July 08, 2008

The Importance Of Blog Linking Seems to Be Declining

I am a strong believer in the power of linking between blogs, and I still go out of my way to link, especially to peers, to smaller blogs, and to developers of services I write about. At one time, I thought being linked to by the most prominent bloggers could have a significant impact on my traffic. And for a short time, it did. But now, I've seen traffic from other blogs to be driving an ever-declining percentage of visits to my site, swamped by social media tools, aggregation sites, and of course, Google search.

Yesterday, out of curiosity, I downloaded all my visitor logs going back to January of 2006, when I started regularly posting on the blog. While there's no question traffic overall is significantly higher now than it was one year ago or two years ago, the impact that even the biggest of blogs can deliver is lessened. I believe that this is due to a few things:
  1. People are relying on aggregators to find them new sources of information, including Techmeme, Hacker News, Reddit, Mixx, FriendFeed and others.
  2. People, especially those who read this site, are relying more on RSS readers, and many have subscribed to so many feeds that they are reading through stories in an effort to clear out their unread items, not clicking the embedded links.
  3. People who actually read blogs on the site (outside of RSS) are clicking through to respond to the author with comments, rather than viewing links.
This year, thanks to covering some of the hottest topics in the tech blogosphere, I've been lucky enough to have been linked to from some of the most-prominent blogs in the market, including TechCrunch, ReadWriteWeb, Mashable, Scobleizer, MicroPersuasion, Jeremiah Owyang, Mathew Ingram, The Inquisitr, Profy and others. I've also been actively engaged with those flying lower on the radar, including I'm Not Actually a Geek, SheGeeks, Regular Geek (see a theme?) and others.

But looking at my aggregate statistics from the last six months, not even the "big name" linkers drove a lot of traffic, relative to just about every other source. And in some cases, the top blogs that drove traffic were themselves relative unknowns who I've featured in my monthly obscure blog recommendations, themselves often being the beneficiaries of being on Digg or Techmeme.

Top Blog Referrals in First half of 2008:
  1. I'm Not Actually a Geek: When Your Blog Is LouisGrayCrunched
  2. Scobleizer: Loving my FriendFeed
  3. Regular Geek: Required Reading in Social Media
  4. ValleyWag: Most bloggers don't deserve any ad revenue, the seven-word version
  5. TechCrunch: More Bloggers Raising Money. Here Come The Politics. And Here Comes My Rant.
  6. Micro Persuasion: Become an Expert with the Power of Deliberate Practice
  7. Mathew Ingram: Duncan Riley: Lessons in diplomacy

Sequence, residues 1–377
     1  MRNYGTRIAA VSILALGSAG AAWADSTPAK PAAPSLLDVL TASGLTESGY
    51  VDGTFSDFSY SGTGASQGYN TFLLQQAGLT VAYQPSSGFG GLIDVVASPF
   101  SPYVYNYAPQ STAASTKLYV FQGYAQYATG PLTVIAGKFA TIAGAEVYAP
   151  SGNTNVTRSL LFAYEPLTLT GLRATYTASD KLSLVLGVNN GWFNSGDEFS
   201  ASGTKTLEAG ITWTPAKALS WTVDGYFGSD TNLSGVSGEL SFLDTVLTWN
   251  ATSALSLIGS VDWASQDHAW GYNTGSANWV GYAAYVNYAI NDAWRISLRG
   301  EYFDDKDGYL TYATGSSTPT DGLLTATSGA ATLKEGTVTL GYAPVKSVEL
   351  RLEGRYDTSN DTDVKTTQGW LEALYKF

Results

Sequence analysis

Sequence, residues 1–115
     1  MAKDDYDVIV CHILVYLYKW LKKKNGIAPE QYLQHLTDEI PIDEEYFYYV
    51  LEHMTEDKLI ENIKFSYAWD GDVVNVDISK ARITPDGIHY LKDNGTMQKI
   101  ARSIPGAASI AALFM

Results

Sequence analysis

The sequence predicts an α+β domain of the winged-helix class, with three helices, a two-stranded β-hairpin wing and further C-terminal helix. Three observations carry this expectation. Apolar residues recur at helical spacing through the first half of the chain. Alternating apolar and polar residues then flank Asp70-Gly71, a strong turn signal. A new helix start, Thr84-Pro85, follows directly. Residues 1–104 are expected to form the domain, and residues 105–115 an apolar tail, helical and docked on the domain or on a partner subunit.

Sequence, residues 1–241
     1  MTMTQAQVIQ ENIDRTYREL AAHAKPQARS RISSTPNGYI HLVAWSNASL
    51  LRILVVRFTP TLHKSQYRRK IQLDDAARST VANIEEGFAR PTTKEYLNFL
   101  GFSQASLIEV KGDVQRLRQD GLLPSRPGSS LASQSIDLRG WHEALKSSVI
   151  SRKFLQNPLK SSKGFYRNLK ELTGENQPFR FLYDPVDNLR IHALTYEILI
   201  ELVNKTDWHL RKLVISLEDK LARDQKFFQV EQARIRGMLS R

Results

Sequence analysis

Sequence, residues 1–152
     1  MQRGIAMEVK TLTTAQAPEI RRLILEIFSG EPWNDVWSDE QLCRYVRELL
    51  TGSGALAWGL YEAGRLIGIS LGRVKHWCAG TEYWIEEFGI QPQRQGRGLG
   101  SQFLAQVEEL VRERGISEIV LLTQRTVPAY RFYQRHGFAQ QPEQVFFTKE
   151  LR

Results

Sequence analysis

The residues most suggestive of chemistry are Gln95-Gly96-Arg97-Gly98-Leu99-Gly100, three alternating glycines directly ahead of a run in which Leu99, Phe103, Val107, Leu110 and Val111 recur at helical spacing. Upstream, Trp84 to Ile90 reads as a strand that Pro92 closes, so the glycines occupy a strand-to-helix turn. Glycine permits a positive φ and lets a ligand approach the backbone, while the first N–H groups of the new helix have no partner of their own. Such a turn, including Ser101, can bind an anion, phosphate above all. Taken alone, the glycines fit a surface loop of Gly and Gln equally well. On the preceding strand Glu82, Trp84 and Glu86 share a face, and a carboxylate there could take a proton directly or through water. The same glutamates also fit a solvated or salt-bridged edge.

8. WebWare: A Proposal for Twitter: Shut It Down
  9. ReadWriteweb: Content Is Becoming a Commodity
  10. Mark Evans: Who's Louis Gray?
Definitely a lot of bigger names here, mixed in with some others. But the most interesting thing is that the highest among these "only" delivered just shy of 500 visitors over the first six months of the year, and the lowest passed less than 100. That doesn't even come close to a single day's worth of Google traffic, or a single day of having a post on Techmeme or Hacker News, let alone Digg.

Instead of blogs driving traffic, we have some more mainstream names, as shown in the below graphic from Google Analytics, highlighting sources for the last 30 days:

In fact, it isn't until the #10 position overall over the last 30 days that you get a total number of visitors that is less than the #1 blog referral over the last 180 days. And in most cases, I've not seen any kind of meaningful traffic from mentions on Mashable or ReadWriteWeb. Back in January, I was a little less than happy that Mashable wasn't giving linkage a lot of prominence, but even now that they are, the impact is extremely small. I got 77 referrals from Mashable on their story around Twitter brand management, and 53 more from a story on my being an early adopter, very insignificant in the large scheme of things.

Now, I'm not saying that this data proves linking is dead. I know links power Google juice, and they enhance Technorati rankings, and if done well, people can find new sources of data, but the ability for even a so-called A-List blogger to deliver a windfall of visits is much less than I had ever expected. It is now more important to be part of the social media sites that drive strong traffic - the Twitters and Techmemes and FriendFeeds and Stumbleupons and Reddits, if traffic is your goal. Those sites, combined with RSS activity in Google Reader and other programs are what will drive traffic. So don't wait around begging for Scoble or Mashable to write you up. It might not have the effect you thought.